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NASA OSIRIS-REx Mission Concludes Successfully

Asteroid Regolith Samples Retrieved and Secured

The United States has retrieved rocks and dust from an asteroid and transported such back to Earth. The achievement occasioned the success of NASA’s Origins, Spectral Interpretation, Resource Identification and Security—Regolith Explorer (OSIRIS-REx) mission.

A capsule containing regolith collected from the asteroid 101955 Bennu landed in a targeted area of the U.S. Department of Defense’s Utah Test and Training Range near Salt Lake City at 08:52 MDT on the morning of Sunday, 24 September 2023.

By way of definition, 101955 Bennu is a carbonaceous asteroid discovered on 11 September 1999 by the joint USAF, NASA, MIT Lincoln Near-Earth Asteroid Research (LINEAR) Project. Regolith, conversely, is a geological term denoting the blanket of unconsolidated, loose, heterogeneous, superficial deposits covering the underlying bedrock of planets, planetoids, and asteroids.

Within ninety-minutes of landing, the capsule was retrieved and transported by helicopter to a temporary clean-room set up in a hangar on the training range, where it remains under constant supervision, sustained in a nitrogen-filled containment vessel. As nitrogen is inert—which is to say that the element doesn’t readily react with most chemicals—storing the regolith samples in nitrogen will preclude their being corrupted by Earthly contaminants, thereby preserving their scientific value.

101955 Bennu is a potentially-hazardous object listed on the Sentry Risk Table—a highly-automated impact-prediction system operated by the Jet Propulsion Laboratory’s (JPL) Center for Near-Earth Object Studies (CNEOS). The asteroid holds the highest cumulative rating on the Palermo Technical Impact Hazard Scale—a logarithmic scale utilized by astronomers to rate the likelihood of a Near Earth Object) impacting the Earth. Statistically, 101955 Bennu has a cumulative 1-in-1,750 chance of striking the Earth between the years 2178 and 2290, with the greatest risk being incurred on 24 September 2182. The asteroid is named for Bennu, the Egyptian mythological bird associated with the Sun, creation, and rebirth.

The regolith samples collected from Bennu will ostensibly help scientists better understand planetary formation and the origin of the organic compounds and water by which life on the primordial Earth was preceded. Researchers seek, also, to gain insight into the nature of potentially hazardous NEOs.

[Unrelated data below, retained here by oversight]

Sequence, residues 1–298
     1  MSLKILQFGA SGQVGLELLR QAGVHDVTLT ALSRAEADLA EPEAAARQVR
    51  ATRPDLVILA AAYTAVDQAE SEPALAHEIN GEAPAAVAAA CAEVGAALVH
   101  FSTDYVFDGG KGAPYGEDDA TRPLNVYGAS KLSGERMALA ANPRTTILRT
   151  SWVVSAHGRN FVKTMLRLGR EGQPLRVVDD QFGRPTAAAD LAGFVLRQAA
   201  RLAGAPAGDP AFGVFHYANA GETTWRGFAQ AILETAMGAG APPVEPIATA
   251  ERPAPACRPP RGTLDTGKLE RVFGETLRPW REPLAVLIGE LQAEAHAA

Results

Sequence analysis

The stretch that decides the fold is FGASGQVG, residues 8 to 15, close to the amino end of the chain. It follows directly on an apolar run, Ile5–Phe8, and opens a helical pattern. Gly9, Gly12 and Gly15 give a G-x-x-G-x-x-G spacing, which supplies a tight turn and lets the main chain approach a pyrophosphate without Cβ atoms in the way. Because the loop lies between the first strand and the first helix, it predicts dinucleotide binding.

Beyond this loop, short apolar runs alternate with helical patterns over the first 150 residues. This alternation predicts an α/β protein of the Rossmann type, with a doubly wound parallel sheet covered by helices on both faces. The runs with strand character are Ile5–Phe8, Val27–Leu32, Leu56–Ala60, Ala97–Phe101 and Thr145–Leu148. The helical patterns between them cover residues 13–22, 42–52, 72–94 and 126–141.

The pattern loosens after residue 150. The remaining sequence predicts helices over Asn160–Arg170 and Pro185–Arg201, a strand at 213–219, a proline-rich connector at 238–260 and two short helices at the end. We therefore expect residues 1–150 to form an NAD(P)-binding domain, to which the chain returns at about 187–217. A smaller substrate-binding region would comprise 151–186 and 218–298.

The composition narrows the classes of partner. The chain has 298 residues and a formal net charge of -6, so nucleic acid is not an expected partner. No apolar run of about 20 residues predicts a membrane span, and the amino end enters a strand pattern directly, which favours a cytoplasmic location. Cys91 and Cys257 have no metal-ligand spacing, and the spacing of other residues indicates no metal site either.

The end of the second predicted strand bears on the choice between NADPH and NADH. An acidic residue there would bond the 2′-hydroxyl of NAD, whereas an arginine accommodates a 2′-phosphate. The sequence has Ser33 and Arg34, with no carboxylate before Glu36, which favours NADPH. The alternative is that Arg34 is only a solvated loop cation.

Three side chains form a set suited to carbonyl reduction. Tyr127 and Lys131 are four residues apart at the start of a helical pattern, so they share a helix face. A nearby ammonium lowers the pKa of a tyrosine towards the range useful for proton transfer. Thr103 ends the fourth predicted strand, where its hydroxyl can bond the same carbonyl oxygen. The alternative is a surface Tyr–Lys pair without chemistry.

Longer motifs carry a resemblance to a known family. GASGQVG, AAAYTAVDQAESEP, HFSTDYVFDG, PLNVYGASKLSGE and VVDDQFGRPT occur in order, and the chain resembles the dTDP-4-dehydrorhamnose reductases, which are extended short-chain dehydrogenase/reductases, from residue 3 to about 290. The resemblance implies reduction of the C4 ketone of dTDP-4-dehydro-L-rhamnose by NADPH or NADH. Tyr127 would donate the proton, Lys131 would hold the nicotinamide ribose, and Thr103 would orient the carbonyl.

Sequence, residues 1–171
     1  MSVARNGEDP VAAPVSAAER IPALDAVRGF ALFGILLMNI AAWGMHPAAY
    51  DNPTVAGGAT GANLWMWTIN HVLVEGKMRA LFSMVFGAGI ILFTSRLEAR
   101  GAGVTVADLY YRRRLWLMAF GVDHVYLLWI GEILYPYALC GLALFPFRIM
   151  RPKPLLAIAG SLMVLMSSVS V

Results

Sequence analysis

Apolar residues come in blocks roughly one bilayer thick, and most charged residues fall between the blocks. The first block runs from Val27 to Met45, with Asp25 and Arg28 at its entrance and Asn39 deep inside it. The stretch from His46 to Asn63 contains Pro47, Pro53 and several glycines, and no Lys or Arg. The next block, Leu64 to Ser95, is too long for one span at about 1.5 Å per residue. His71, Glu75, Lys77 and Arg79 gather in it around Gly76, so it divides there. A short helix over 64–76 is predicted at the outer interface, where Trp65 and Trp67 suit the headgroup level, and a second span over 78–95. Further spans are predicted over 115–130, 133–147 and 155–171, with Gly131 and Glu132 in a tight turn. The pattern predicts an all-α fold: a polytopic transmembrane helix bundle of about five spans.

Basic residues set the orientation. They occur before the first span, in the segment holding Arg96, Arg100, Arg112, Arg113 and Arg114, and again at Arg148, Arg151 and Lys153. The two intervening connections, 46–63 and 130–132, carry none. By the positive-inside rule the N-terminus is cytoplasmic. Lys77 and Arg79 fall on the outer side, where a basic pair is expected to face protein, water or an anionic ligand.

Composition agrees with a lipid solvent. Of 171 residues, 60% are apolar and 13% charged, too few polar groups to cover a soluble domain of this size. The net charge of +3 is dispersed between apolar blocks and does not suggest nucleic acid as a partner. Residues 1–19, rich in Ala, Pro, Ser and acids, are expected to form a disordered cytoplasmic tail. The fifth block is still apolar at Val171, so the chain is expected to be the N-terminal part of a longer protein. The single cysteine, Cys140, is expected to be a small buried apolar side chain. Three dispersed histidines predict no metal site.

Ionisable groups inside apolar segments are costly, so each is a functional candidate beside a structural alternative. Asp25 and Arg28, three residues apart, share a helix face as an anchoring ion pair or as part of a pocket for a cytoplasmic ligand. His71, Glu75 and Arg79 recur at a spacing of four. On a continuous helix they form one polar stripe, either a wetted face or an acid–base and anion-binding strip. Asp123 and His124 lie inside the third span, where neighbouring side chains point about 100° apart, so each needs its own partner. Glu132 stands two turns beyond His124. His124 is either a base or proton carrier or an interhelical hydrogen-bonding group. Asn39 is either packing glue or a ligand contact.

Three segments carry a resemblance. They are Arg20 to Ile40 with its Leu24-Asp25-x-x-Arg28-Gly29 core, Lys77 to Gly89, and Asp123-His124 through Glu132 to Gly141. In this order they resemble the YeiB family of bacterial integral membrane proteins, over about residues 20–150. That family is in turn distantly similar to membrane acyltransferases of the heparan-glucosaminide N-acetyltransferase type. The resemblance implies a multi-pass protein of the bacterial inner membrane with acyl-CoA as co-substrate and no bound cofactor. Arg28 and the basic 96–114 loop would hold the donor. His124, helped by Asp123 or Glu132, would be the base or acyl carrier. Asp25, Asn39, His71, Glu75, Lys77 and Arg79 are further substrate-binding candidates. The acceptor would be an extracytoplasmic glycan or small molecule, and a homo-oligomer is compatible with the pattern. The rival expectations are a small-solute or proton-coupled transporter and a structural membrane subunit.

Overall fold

NASA Administrator Bill Nelson stated: “Congratulations to the OSIRIS-REx team on a picture-perfect mission – the first American asteroid sample return in history—which will deepen our understanding of the origin of our solar system and its formation. Not to mention, Bennu is a potentially hazardous asteroid, and what we learn from the sample will help us better understand the types of asteroids that could come our way.”

Mr. Nelson continued: “With OSIRIS-REx, Psyche launch in a couple of weeks, DART’s one-year anniversary, and Lucy’s first asteroid approach in November, Asteroid Autumn is in full swing. These missions prove, once again, that NASA does big things. Things that inspire us and unite us. Things that show nothing is beyond our reach when we work together.”

The Bennu sample, which comprises an estimated 8.8-ounces (250 grams) of asteroidal regolith, was transported via aircraft—in its unopened, nitrogen-containing canister—to NASA’s Johnson Space Center in Houston, Texas, on Monday, 25 September.  

The OSIRIS-Rex) mission launched on 08 September 2016, landing on 101955 Bennu on 03 December 2018—a trip of two-years, ten-months, and ten-days. Sample collection commenced on 20 October 2020; the OSIRIS-REx spacecraft’s return trip to Earth got underway on 10 May 2021.

After traveling billions of Earthward miles over a period spanning two-years, four-months, and 14-days, the spacecraft neared to within 54,746-nautical-miles of the Earth’s surface—about one-third the distance by which the Earth and moon are separated—and released the sample capsule at 04:42 MDT on 24 September.

Four-hours later, the capsule—moving along at a velocity of 24,027-knots—entered Earth’s atmosphere off the coast of California. Airborne and terrestrial radar, infrared, and optical assets tracked the capsule to landing coordinates inside a 31-nautical-mile by 7.4-nautical-mile area within the DOD’s Utah Test and Training Range. Two parachutes deployed to stabilize the capsule and slow it to a leisurely 9.56-knot touchdown-speed.

Fewer than ten-minutes passed between the capsule’s atmospheric re-entry and its landing outside of Salt Lake City.

Recovery teams located the intact capsule at 09:07 MDT and determined it was safe to approach. Within seventy-minutes, personnel prepped the capsule for transport and started it on its way to the aforementioned temporary clean-room.

OSIRIS-REx principal investigator at the University of Arizona in Tucson Dante Lauretta set forth: “Today marks an extraordinary milestone not just for the OSIRIS-REx team but for science as a whole. Successfully delivering samples from Bennu to Earth is a triumph of collaborative ingenuity and a testament to what we can accomplish when we unite with a common purpose. But let’s not forget—while this may feel like the end of an incredible chapter, it’s truly just the beginning of another. We now have the unprecedented opportunity to analyze these samples and delve deeper into the secrets of our solar system."

Rich Burns, OSIRIS-REx project manager at NASA’s Goddard Space Flight Center in Greenbelt, Maryland, remarked: “The whole team had butterflies today, but that’s the focused anticipation of a critical event by a well-prepared team. For us, this was the World Series, ninth inning, bases-loaded moment, and this team knocked it out of the park.”



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